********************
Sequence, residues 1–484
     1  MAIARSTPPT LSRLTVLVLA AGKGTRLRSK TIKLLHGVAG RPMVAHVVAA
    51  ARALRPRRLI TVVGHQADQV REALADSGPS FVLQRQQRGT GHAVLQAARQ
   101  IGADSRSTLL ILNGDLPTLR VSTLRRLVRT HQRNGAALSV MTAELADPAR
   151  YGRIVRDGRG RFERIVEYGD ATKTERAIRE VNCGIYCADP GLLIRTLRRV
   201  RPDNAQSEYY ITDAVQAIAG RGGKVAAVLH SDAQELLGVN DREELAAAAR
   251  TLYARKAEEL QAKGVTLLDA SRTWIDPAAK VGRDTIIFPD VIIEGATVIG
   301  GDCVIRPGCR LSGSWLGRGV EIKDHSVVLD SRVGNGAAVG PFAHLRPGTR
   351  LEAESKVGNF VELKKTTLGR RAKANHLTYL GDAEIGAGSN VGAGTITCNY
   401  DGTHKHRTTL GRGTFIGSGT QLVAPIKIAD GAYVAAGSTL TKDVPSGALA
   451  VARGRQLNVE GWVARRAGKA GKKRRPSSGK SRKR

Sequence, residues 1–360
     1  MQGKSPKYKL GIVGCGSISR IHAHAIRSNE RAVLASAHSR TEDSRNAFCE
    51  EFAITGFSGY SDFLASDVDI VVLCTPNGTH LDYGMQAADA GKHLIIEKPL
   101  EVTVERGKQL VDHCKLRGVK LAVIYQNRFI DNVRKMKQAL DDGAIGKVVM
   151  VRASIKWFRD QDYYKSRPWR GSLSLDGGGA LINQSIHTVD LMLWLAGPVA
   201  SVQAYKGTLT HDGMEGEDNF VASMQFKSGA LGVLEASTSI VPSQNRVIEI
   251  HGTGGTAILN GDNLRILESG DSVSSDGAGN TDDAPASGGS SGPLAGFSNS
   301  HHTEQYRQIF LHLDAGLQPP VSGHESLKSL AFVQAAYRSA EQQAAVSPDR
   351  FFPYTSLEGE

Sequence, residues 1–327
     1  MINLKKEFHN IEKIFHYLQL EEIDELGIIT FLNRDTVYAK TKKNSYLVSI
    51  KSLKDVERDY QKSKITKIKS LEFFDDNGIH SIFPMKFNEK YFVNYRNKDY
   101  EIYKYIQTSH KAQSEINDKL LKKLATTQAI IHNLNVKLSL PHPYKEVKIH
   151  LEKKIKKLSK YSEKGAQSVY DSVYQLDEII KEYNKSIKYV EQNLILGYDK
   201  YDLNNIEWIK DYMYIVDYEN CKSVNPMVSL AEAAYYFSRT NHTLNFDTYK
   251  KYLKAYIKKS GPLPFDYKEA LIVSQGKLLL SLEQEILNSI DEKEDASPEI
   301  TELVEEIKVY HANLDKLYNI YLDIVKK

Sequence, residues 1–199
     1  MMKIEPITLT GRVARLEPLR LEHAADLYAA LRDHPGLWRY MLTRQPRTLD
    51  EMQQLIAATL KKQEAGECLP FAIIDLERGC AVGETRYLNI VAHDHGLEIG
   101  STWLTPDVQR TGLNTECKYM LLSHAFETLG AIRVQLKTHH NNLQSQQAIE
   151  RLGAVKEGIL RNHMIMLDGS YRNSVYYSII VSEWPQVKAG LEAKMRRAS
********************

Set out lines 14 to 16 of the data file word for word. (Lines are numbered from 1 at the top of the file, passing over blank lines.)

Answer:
    51  EFAITGFSGY SDFLASDVDI VVLCTPNGTH LDYGMQAADA GKHLIIEKPL
   101  EVTVERGKQL VDHCKLRGVK LAVIYQNRFI DNVRKMKQAL DDGAIGKVVM
   151  VRASIKWFRD QDYYKSRPWR GSLSLDGGGA LINQSIHTVD LMLWLAGPVA